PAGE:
This section is from "The Horticulturist, And Journal Of Rural Art And Rural Taste", by P. Barry, A. J. Downing, J. Jay Smith, Peter B. Mead, F. W. Woodward, Henry T. Williams. Also available from Amazon: Horticulturist and Journal of Rural Art and Rural Taste.
Your number one is the Cape; number two is the Concord, over-ripe, but the best of the lot, and best we have ever seen; number three is Hyde's Eliza, a seedling of the Isabella, and much like it in most respects.
Ruskin, in his last volume of Modern Painters, remarks upon grasses as follows: "Observe the peculiar characters of the grass, which adapt it especially for the service of man, are its apparent humility and cheerfulness. Its humility, in that it seems created only for lowest service - appointed to be trod on, and fed upon. Its cheerfulness, in that it seems to exult under all kinds of violence and suffering. You roll it, and it is stronger the next day; you mow it, and it multiplies its shoots, as if it were grateful; you tread upon it, and it only sends up richer perfume. Spring comes, and it rejoices with all the earth - glowing with variegated flame of flowers - waving in soft depth of fruitful strength. Winter comes, and though it will not mock its fellow plants by growing there, it will not pine and mourn, and turn colorless and leafless as they. It is always green, and is only the brighter and gayer for the hoar-frost".
Mr. W. Parker, Vinton, writes us: "There are some things in my observations among the orchards in this region inexplicable. One orchard in cultivation is badly injured, another near by in grass not damaged - another orchard under the best of cultivation in perfect condition, and a neighboring orchard in grass badly killed out." Who can reconcile these strange results of grass and culture?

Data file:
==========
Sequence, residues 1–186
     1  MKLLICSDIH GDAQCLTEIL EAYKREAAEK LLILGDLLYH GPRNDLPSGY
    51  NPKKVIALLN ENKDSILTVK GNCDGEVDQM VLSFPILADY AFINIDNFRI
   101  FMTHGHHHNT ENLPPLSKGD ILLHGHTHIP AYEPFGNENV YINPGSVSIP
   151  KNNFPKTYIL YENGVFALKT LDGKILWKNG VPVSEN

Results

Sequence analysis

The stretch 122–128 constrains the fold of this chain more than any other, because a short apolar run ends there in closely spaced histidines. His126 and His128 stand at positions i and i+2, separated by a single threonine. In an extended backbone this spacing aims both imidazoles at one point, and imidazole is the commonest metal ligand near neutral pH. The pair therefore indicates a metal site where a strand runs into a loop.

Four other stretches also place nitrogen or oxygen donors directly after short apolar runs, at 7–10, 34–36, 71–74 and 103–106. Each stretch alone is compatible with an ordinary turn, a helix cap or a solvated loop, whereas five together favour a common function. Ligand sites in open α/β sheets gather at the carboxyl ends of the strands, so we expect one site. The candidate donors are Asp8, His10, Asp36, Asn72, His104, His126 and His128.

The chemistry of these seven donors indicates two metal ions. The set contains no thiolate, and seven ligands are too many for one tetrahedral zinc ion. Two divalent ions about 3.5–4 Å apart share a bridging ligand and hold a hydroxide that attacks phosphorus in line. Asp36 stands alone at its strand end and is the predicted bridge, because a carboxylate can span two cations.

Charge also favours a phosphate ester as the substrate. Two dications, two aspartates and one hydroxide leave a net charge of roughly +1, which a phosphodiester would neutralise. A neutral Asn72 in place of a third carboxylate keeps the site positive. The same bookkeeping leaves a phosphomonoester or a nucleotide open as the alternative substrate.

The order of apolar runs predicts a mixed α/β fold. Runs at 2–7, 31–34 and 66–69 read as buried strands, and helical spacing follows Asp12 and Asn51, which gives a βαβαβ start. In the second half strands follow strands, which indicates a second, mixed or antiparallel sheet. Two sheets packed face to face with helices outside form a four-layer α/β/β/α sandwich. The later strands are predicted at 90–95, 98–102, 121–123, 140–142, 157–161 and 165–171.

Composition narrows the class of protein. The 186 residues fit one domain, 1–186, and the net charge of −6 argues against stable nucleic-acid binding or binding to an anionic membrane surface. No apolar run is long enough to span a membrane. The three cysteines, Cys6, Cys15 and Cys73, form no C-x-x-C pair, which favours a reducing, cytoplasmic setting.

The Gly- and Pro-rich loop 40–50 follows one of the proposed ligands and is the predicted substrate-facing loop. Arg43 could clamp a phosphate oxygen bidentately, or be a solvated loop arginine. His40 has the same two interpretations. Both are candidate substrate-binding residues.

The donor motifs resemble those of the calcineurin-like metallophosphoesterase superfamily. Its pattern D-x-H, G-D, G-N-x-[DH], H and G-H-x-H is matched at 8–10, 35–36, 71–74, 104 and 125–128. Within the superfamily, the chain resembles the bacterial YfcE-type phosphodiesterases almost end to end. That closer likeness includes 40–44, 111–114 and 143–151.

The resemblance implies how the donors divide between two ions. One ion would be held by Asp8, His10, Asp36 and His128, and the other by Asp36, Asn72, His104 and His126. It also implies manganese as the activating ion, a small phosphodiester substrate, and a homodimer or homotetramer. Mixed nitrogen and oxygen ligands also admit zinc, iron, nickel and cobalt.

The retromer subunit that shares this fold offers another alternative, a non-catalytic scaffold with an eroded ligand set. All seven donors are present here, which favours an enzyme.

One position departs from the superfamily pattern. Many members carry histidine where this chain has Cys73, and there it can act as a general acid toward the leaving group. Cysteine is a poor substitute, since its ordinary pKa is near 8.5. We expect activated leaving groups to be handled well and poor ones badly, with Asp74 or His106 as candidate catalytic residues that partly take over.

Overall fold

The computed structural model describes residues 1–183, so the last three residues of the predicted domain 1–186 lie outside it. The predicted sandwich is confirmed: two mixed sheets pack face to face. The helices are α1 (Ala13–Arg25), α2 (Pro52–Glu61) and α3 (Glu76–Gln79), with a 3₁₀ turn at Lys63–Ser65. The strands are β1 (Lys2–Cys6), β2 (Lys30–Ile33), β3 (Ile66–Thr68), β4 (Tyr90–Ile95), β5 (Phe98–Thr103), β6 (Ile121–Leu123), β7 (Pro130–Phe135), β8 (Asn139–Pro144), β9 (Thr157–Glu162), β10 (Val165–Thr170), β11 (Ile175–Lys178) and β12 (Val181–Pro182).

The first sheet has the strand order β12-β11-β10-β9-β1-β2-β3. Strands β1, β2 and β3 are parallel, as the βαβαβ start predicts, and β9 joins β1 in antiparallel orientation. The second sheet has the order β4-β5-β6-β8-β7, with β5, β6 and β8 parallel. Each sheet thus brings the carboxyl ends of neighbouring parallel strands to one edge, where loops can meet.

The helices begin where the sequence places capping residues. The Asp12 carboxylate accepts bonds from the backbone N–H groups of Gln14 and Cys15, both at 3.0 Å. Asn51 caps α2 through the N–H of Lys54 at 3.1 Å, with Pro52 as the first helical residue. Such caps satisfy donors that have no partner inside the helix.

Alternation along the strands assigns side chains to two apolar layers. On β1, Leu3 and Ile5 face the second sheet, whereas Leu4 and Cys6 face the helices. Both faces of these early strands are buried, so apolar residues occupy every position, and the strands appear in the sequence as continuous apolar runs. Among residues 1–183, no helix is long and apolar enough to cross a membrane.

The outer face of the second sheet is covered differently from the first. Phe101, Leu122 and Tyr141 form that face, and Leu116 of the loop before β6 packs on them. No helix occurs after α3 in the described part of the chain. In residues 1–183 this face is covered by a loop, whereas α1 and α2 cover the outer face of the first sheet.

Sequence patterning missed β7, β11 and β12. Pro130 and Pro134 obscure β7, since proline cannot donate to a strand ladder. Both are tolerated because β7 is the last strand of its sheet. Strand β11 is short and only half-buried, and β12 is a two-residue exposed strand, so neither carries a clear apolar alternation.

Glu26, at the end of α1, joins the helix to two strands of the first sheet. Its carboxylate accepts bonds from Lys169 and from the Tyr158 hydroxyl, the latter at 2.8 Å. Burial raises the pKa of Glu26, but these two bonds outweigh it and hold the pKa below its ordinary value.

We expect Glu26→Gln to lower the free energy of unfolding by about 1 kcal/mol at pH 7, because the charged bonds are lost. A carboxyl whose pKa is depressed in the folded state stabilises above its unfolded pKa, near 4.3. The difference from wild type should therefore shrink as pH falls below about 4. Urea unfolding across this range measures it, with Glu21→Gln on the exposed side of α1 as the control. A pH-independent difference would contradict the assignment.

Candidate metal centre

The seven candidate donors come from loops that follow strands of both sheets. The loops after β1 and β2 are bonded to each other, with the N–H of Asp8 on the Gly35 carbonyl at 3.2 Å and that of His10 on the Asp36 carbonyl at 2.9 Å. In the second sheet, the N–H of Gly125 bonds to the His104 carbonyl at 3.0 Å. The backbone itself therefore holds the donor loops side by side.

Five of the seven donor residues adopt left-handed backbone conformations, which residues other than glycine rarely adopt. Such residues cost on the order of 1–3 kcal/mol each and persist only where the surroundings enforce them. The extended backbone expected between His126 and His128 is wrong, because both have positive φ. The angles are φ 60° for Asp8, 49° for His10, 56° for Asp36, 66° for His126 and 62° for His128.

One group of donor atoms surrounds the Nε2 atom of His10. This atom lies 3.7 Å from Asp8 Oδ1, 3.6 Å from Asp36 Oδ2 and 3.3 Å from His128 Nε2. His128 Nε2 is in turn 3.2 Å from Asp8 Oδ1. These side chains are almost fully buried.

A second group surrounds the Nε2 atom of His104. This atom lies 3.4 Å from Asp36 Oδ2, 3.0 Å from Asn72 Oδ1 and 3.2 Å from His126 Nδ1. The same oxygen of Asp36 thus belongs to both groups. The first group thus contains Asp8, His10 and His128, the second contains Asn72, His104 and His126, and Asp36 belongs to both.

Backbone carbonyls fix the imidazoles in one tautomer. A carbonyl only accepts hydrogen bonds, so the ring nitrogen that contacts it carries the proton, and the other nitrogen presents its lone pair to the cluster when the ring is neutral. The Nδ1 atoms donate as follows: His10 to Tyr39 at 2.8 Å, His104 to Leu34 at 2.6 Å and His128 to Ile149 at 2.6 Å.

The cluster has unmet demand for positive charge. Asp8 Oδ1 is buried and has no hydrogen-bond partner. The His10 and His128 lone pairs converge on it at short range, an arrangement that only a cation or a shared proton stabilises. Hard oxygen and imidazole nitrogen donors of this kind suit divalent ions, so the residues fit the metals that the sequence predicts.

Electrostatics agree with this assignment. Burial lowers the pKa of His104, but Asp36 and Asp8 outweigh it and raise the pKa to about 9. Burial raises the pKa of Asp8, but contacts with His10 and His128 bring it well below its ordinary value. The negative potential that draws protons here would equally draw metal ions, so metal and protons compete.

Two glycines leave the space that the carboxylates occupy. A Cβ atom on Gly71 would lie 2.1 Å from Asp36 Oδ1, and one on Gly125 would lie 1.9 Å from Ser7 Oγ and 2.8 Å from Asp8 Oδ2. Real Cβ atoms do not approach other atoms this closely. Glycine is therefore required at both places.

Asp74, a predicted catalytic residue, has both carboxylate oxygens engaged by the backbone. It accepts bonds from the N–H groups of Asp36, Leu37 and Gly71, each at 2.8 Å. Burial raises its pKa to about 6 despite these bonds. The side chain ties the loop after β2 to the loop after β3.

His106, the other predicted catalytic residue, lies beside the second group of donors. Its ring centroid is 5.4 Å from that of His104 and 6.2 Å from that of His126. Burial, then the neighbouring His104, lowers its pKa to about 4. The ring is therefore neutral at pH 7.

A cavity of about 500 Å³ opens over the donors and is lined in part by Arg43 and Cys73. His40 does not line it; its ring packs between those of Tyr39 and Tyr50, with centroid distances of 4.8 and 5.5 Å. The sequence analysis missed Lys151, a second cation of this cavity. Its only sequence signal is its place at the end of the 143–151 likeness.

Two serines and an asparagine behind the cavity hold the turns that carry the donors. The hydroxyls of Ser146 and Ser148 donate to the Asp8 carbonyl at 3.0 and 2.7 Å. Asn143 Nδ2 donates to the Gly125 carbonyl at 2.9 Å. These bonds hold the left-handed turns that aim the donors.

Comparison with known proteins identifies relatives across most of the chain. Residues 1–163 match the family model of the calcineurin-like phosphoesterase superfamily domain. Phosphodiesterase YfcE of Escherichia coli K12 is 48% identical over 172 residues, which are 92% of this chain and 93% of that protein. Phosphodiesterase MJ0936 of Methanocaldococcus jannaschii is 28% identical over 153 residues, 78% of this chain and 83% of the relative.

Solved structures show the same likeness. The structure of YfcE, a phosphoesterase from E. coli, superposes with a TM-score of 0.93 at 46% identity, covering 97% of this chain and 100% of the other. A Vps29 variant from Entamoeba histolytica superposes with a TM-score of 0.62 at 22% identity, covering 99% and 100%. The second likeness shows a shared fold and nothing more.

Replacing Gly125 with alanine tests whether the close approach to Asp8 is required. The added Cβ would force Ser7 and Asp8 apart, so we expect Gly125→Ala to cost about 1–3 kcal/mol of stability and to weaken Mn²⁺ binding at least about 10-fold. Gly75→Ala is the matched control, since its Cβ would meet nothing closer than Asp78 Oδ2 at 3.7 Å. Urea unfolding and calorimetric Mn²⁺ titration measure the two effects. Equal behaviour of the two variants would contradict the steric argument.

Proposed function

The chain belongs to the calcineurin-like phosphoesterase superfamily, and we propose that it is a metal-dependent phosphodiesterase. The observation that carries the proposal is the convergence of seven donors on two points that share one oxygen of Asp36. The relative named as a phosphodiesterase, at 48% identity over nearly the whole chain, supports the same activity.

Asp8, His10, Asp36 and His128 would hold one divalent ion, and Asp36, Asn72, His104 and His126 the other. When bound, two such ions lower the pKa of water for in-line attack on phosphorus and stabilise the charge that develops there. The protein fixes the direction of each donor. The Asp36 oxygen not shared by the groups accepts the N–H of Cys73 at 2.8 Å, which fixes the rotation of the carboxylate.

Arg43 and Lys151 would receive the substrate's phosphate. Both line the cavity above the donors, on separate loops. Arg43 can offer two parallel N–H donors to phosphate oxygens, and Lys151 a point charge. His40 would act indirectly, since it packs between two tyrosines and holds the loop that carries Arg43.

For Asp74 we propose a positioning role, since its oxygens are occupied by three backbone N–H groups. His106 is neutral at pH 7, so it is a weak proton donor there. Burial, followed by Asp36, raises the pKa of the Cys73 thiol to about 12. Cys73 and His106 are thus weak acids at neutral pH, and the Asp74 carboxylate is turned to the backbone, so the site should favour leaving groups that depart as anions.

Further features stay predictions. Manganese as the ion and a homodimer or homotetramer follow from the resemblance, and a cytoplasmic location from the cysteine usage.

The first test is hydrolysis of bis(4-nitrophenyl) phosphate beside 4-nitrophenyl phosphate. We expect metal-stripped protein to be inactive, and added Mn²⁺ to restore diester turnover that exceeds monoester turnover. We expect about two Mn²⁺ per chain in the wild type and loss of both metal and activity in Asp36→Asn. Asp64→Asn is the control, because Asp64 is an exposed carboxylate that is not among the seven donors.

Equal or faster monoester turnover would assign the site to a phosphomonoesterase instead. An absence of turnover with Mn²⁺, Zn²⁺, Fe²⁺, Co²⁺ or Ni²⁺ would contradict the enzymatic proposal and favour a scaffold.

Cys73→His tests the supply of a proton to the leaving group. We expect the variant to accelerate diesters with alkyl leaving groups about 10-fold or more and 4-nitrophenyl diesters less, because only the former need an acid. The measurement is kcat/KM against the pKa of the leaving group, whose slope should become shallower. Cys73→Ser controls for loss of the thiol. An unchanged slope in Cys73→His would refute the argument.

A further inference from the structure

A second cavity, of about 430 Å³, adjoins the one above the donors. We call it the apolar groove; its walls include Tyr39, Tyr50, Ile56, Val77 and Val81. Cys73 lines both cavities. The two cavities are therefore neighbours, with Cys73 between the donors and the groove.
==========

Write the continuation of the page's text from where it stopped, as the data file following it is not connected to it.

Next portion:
We are requested to call attention to the new catalogues of J. M. Thorburn & Co., page 27, which contains a very complete and descriptive list of grasses; and information much needed by parties who are laying out new places, and improving pastures, lawns and meadow lands.
Some of Grattan's sayings are characteristic of the deep poetry of his mind, so brilliantly described by Sydney Smith. He loved trees, and used to say, " Never cut down a tree for fashion sake. The tree has its roots in the earth, which fashion has not." A favourite old tree stood near the house at Timebinch. A friend of Grattan's thinking it obstructed the view, recommended him to cut it down. " Why so?" said Grattan. " Because it stands in the way of the house." Grattan. "You mistake, it is the house that stands in the way of it, and if either must come down, let it be the house".
"I thank God," wrote Sydney Smith to Lady Mary Bennet, "who has made me poor, that he has made me merry. I think it is a better gift than much wheat and bean land with a doleful heart" - Life of Sydney Smith.
It has often struck me that your readers might do good service to each other if they would, from time to time, record in your paper the various successes or disappointments which they meet with. For instance, no amount of smoke has ever satisfactorily got rid of the green-fly in my houses. Frequent fumigation kept my geraniums, Ac, tolerably clean, but the pest still existed. This year, 1 have immersed all my plants in a mixture of tobacco, one-fourth pound; soft soap, one pound; water, five gallons; and, although it is now more than four months since they were dipped, I have searched in vain for a single green-fly when cutting them down. - Iota.